Wellbeing begins with ‘We’

| January 23, 2014

Many of Australia’s challenges stem from poor relationships and unsupportive environments. Dr Sue Roffey argues that our wellbeing as individuals and a community is limited unless we are positively connected with others.

What does wellbeing mean for you? Although we are talking about it more these days, there is no simple, agreed definition. Although health and wellbeing often go together as a phrase the concept of wellbeing is developing far beyond physical or even mental health. For those working within a positive psychology paradigm it is about how well we ‘flourish’ in all aspects of our lives.

This explores our social and emotional functioning and the ability to have and maintain a positive sense of self. But as wellbeing for individuals is limited unless we are positively connected with others it is also about the quality of relationships we experience. Wellbeing begins with ‘we’.

Wellbeing Australia is a not-for-profit informal network of people and organisations committed to developing individual and community wellbeing. We are interested in disseminating both research and practice that lead to greater understanding of our selves and our relationships to promote healthier, more compassionate societies.

Many of the challenging issues facing Australia have their roots in poor relationships, unsupportive environments, the harmful expression or management of feelings, lack of empathic understanding and denial of agency leaving people feeling powerless. This includes bullying in schools and in the workplace, family breakdown, community violence, mental health and behavioural difficulties.

Wellbeing Australia has a strong focus on education and promoting approaches that value the potential and wellbeing of each young person. UNESCO’s Delors Report Learning: The Treasure Within identifies four pillars of learning.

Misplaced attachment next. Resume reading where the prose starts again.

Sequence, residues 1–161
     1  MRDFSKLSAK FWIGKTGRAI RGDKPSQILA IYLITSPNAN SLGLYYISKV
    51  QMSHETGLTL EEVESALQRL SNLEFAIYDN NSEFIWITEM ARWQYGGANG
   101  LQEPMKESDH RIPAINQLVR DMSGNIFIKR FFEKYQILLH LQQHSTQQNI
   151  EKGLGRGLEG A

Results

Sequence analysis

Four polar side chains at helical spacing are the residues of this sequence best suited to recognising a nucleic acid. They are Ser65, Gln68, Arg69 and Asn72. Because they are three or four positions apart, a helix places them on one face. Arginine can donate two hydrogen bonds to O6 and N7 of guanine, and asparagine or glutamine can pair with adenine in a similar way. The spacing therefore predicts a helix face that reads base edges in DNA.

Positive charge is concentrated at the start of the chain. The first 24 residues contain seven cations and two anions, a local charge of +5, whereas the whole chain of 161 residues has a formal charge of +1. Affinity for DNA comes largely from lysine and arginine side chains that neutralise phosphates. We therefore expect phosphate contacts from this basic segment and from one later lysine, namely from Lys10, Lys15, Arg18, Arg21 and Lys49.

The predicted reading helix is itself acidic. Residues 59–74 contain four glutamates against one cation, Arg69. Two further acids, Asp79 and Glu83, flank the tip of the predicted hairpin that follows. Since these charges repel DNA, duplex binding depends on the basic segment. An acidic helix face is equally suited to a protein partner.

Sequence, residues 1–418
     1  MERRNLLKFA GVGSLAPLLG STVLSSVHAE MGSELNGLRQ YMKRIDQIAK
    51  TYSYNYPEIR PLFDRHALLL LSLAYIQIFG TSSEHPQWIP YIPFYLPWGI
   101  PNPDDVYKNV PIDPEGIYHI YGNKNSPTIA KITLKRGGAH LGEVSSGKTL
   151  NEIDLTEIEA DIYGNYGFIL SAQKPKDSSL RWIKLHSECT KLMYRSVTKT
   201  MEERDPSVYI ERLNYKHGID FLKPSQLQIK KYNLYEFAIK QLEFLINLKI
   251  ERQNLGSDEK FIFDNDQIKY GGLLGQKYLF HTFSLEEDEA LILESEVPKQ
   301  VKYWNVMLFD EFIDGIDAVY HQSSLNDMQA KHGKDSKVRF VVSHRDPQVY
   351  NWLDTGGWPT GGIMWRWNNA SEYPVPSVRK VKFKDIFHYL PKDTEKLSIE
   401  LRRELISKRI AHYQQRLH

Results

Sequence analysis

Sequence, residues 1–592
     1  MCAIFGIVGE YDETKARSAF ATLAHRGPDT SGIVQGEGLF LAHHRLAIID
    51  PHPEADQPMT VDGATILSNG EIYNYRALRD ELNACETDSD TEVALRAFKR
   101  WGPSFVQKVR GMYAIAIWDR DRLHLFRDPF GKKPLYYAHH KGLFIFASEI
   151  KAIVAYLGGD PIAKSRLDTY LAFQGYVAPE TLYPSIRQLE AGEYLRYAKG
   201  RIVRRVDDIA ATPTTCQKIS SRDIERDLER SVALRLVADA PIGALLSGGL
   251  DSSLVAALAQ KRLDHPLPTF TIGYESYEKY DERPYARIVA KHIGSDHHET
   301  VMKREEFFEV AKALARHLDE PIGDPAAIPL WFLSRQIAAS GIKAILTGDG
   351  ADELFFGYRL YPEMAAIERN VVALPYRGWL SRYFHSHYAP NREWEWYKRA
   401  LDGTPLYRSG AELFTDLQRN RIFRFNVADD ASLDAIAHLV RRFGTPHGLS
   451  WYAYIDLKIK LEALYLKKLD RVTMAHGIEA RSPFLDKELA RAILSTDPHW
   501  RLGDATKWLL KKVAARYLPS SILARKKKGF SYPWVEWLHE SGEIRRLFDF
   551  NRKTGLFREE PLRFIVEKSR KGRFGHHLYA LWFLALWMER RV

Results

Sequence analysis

The first two, learning to know and learning to do are delivered within the formal curriculum. The second two, learning to be and learning to live together comprise the knowledge and skills that enable individuals to make the most of their learning, interact well with others, be resilient when faced with difficulties and contribute positively to their communities. Wellbeing Australia encourages schools to make learning to be and learning to live together overt and positive in their vision, values, policy and practice.

Imagine two schools: One has a autocratic ethos where just the executive make decisions, a focus on strong discipline and non-negotiable rules, together with low tolerance of both difference and problematic behaviours. The school promotes itself as ’good’ school with excellent results. The other school emphasises the value of the ‘whole child’ in all aspects of their development and has high expectations across the board. It acknowledges the importance of relationships, values diversity and inclusion and gives all stakeholders a say in what happens. It promotes itself as a ‘caring’ school.